Jumio Raises $25M, Turns Webcams Into ID Readers

Jumio, the startup that made it possible to pay via webcam, is announcing a new Series B funding round of $25 million, led by Andreessen Horowitz and including Facebook co-founder Eduardo Saverin and Match.com founder Peng T. Ong among others. Alongside the funding, Jumio is also formally introducing Netverify today, which makes it possible to read ID documents via webcam, and is announcing the addition of Andreessen Horowitz General Partner Scott Weiss to its board of directors.

The Mountain View-based startup unveiled its Netswipe product last July, which allows users to simply hold their credit card up to their computer or iOS device’s camera (Android is in the works) in order to make an online payment. Netswipe eliminates the hassle of manually entering credit card info for users, and provides a way for merchants to help guard against credit card fraud.

Jumio CEO and founder Daniel Mattes, who previously founded VoIP company Jajah, said the company has already seen significant traction for Netswipe, but that in his dealings with companies using Netswipe, he came across broader potential uses for the tech. “It’s not only about credit card scanning, there’s also huge demand for ID scanning,” Mattes said in an interview. “Scanning a passport and sending it via email or fax somewhere, or scanning a driver’s license or utility bill, all these procedures are so expensive for the merchant.”

Mattes says that Jumio figured out that these processes can end up costing about $75 per instance, and he also points out that it’s not instant. To contrast, Netverify costs $1 per scan, and produces instant results. “There’s benefit for the consumer, because it’s easier, but also for the merchants,” Mattes said. Netverify will also eventually be made available to mobile developers via an API as well.

“In terms of Netswipe, we’re on track to get to a $100 million run rate this year,” Mattes told us, though he couldn’t talk specifically about how many companies are currently using their API to accept payments. “It has been widely accepted, and that’s why we went after further funding,” Mattes said. The plan now is to expand Jumio’s presence through sales of the service via the reseller model and other measures.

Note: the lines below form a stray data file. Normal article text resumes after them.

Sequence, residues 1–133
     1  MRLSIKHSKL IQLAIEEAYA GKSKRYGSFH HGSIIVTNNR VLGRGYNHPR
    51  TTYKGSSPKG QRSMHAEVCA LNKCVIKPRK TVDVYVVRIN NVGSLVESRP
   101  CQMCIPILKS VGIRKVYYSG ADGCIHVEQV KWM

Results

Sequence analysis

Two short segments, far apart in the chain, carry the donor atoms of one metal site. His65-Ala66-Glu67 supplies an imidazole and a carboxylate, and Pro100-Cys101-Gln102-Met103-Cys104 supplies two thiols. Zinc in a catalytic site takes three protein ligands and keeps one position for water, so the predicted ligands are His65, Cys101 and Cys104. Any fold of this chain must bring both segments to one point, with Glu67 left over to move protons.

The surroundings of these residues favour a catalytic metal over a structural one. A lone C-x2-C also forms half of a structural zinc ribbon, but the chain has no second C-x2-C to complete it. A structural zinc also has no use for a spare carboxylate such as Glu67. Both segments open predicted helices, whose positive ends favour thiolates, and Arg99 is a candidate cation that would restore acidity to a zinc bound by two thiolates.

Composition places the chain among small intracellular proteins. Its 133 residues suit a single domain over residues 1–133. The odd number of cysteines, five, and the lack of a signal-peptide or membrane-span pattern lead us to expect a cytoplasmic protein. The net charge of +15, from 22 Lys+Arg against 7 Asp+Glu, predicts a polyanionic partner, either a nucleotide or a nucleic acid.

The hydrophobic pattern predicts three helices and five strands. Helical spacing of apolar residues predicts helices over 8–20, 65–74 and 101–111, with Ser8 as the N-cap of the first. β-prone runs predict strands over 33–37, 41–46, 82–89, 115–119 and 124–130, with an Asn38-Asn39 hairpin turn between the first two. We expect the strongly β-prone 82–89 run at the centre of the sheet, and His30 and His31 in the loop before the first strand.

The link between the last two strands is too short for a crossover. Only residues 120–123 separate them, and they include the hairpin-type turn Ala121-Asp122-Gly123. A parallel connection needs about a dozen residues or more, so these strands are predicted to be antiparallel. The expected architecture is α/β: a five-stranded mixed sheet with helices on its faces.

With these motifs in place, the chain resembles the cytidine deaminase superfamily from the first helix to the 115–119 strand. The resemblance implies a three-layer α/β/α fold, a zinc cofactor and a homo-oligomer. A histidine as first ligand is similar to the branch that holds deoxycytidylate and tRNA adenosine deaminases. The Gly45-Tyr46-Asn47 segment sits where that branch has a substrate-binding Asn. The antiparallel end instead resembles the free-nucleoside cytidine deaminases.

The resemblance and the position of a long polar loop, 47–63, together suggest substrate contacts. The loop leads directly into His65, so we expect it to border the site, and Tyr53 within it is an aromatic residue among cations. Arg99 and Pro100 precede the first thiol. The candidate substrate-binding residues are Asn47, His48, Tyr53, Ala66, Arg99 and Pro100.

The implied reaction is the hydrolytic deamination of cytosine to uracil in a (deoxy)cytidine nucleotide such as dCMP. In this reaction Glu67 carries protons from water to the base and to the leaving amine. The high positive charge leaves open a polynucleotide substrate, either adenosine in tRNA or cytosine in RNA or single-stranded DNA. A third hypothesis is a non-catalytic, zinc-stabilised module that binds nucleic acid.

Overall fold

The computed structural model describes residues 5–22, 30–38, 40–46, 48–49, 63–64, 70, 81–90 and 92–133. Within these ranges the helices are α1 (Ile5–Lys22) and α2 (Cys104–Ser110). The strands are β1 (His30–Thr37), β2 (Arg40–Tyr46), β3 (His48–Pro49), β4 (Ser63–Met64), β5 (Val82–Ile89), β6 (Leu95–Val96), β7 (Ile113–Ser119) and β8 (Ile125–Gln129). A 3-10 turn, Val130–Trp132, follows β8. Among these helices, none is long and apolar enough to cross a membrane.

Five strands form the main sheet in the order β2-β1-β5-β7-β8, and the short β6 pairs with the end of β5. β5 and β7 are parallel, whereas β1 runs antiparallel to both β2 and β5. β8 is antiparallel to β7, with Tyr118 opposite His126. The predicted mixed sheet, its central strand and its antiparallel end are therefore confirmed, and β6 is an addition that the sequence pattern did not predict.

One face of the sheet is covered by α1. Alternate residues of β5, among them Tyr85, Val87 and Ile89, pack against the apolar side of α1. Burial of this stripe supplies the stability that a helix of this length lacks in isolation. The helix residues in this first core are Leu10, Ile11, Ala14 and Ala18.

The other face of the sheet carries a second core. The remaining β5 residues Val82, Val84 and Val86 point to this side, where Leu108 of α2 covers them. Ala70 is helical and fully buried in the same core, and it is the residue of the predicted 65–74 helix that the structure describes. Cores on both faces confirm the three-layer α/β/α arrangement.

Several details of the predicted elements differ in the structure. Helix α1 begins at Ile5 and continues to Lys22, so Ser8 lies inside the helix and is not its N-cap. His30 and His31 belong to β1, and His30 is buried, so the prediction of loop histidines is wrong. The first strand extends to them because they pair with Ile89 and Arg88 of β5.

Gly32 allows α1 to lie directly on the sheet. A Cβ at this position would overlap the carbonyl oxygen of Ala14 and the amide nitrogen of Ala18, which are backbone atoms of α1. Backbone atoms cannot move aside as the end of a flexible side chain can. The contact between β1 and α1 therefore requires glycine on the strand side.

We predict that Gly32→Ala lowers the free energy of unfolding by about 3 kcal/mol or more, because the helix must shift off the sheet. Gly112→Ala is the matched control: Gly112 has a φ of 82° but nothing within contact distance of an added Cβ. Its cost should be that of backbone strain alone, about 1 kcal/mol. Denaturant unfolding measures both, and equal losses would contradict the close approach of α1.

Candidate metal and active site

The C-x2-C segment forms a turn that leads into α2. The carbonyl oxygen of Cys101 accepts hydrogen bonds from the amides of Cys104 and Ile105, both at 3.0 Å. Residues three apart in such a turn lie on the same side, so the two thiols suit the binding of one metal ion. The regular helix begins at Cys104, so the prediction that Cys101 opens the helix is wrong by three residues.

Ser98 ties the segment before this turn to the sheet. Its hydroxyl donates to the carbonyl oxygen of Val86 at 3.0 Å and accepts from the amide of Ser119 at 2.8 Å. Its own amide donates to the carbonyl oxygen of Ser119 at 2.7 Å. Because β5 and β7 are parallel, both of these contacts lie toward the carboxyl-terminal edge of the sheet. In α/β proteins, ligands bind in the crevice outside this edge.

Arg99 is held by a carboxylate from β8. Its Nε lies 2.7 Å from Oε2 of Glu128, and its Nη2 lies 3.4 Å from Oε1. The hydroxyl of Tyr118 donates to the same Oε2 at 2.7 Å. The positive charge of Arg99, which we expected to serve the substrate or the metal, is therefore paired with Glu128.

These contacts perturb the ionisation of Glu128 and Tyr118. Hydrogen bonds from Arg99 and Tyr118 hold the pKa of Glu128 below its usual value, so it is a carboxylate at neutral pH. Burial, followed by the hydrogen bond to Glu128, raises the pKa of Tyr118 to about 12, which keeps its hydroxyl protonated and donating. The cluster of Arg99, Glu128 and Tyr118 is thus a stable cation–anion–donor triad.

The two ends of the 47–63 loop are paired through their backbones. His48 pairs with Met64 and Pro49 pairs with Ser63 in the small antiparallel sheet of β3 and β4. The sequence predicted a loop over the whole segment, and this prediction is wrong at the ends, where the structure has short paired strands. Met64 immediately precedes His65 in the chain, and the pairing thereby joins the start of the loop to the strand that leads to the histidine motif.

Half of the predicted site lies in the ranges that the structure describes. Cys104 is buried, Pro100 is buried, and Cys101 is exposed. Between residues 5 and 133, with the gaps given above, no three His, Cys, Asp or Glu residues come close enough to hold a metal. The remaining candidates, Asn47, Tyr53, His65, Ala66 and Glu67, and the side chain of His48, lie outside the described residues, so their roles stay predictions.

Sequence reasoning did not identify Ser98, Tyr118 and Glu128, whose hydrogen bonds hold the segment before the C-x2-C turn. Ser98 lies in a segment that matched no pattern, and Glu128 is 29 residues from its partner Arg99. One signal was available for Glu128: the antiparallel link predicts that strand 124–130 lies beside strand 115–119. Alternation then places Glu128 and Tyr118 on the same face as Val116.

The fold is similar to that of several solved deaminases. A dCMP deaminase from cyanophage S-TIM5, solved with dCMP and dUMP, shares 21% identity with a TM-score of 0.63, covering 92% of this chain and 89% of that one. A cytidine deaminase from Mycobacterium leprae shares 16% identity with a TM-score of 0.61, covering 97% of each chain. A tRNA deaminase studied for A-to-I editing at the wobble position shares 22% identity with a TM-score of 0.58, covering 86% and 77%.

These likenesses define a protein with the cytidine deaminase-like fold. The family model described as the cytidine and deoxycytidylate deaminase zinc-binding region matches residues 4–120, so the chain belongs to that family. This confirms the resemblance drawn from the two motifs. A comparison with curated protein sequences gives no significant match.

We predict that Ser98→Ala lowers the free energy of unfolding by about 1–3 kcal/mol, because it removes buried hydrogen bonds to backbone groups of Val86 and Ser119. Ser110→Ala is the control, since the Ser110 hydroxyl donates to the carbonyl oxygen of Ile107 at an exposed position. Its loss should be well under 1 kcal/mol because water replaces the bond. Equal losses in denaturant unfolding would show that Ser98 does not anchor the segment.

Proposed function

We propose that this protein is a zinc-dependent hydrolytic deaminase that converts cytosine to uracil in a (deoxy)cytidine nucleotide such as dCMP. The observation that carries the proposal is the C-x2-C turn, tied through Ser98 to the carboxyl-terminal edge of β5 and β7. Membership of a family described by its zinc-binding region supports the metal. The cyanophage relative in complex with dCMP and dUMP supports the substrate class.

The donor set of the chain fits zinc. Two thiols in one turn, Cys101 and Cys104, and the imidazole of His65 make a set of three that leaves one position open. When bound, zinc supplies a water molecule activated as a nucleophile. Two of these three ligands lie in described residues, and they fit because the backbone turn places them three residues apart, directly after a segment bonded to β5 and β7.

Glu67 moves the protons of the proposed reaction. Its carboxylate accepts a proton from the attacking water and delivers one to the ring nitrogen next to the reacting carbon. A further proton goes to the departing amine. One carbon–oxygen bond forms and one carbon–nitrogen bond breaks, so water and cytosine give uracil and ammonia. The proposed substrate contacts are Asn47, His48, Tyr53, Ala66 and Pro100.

There’s a lot of activity in the digital payments space at the moment, including Square’s introduction of Square Register on Monday. Mattes thinks Jumio’s well-positioned to ride the wave no matter what happens on the rest of the mobile payment front, however. “If you’re on mobile you need to type in all your information, it’ll take two to three minutes to finalize your transaction,” Mattes said. “In our case, you just turn on the camera, and it takes three seconds.” He sees that as providing a key opportunity to allow his company to forge partnerships with whoever emerges as the major mobile payment players.

“When it comes to [mobile] wallets, our goal is to also partner with those wallets, because at one point you have to also tell those wallets what your credit card number is,” Mattes points out. “There’s also the part of the process where you need to show your ID, utility bill, etc. to prove your identification.” He thinks Jumio is in a key position to provide those kinds of services to online wallet operators like PayPal, for example.

With its new funding round and a brand new product that alleviates a lot of the pain of proving identity online, Jumio is poised to add to their existing traction. They’ll be looking to turn that prime positioning into long-term success as digital payments evolve and become more mainstream.

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